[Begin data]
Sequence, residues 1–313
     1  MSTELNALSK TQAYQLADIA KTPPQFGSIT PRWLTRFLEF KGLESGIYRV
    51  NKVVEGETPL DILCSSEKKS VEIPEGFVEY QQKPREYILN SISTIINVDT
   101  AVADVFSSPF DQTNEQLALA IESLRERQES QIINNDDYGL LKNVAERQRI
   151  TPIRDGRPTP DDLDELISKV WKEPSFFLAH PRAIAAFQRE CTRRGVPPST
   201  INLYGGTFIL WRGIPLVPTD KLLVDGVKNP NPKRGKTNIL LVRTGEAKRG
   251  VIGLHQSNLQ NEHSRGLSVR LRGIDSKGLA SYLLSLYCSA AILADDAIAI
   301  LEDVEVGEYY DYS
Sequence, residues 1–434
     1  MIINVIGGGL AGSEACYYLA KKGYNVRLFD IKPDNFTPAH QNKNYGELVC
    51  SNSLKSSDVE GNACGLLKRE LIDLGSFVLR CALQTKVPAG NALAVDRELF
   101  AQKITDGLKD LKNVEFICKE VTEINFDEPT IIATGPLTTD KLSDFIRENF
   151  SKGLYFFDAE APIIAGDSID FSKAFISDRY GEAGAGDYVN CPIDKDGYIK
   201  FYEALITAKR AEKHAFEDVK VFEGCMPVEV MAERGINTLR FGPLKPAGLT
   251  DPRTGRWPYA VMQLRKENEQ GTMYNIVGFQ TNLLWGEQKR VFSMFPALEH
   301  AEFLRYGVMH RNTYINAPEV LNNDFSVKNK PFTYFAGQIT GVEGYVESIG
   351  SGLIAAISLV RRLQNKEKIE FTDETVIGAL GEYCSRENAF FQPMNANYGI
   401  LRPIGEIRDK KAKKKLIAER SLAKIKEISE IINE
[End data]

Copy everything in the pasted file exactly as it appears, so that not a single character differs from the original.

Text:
Sequence, residues 1–313
     1  MSTELNALSK TQAYQLADIA KTPPQFGSIT PRWLTRFLEF KGLESGIYRV
    51  NKVVEGETPL DILCSSEKKS VEIPEGFVEY QQKPREYILN SISTIINVDT
   101  AVADVFSSPF DQTNEQLALA IESLRERQES QIINNDDYGL LKNVAERQRI
   151  TPIRDGRPTP DDLDELISKV WKEPSFFLAH PRAIAAFQRE CTRRGVPPST
   201  INLYGGTFIL WRGIPLVPTD KLLVDGVKNP NPKRGKTNIL LVRTGEAKRG
   251  VIGLHQSNLQ NEHSRGLSVR LRGIDSKGLA SYLLSLYCSA AILADDAIAI
   301  LEDVEVGEYY DYS
Sequence, residues 1–434
     1  MIINVIGGGL AGSEACYYLA KKGYNVRLFD IKPDNFTPAH QNKNYGELVC
    51  SNSLKSSDVE GNACGLLKRE LIDLGSFVLR CALQTKVPAG NALAVDRELF
   101  AQKITDGLKD LKNVEFICKE VTEINFDEPT IIATGPLTTD KLSDFIRENF
   151  SKGLYFFDAE APIIAGDSID FSKAFISDRY GEAGAGDYVN CPIDKDGYIK
   201  FYEALITAKR AEKHAFEDVK VFEGCMPVEV MAERGINTLR FGPLKPAGLT
   251  DPRTGRWPYA VMQLRKENEQ GTMYNIVGFQ TNLLWGEQKR VFSMFPALEH
   301  AEFLRYGVMH RNTYINAPEV LNNDFSVKNK PFTYFAGQIT GVEGYVESIG
   351  SGLIAAISLV RRLQNKEKIE FTDETVIGAL GEYCSRENAF FQPMNANYGI
   401  LRPIGEIRDK KAKKKLIAER SLAKIKEISE IINE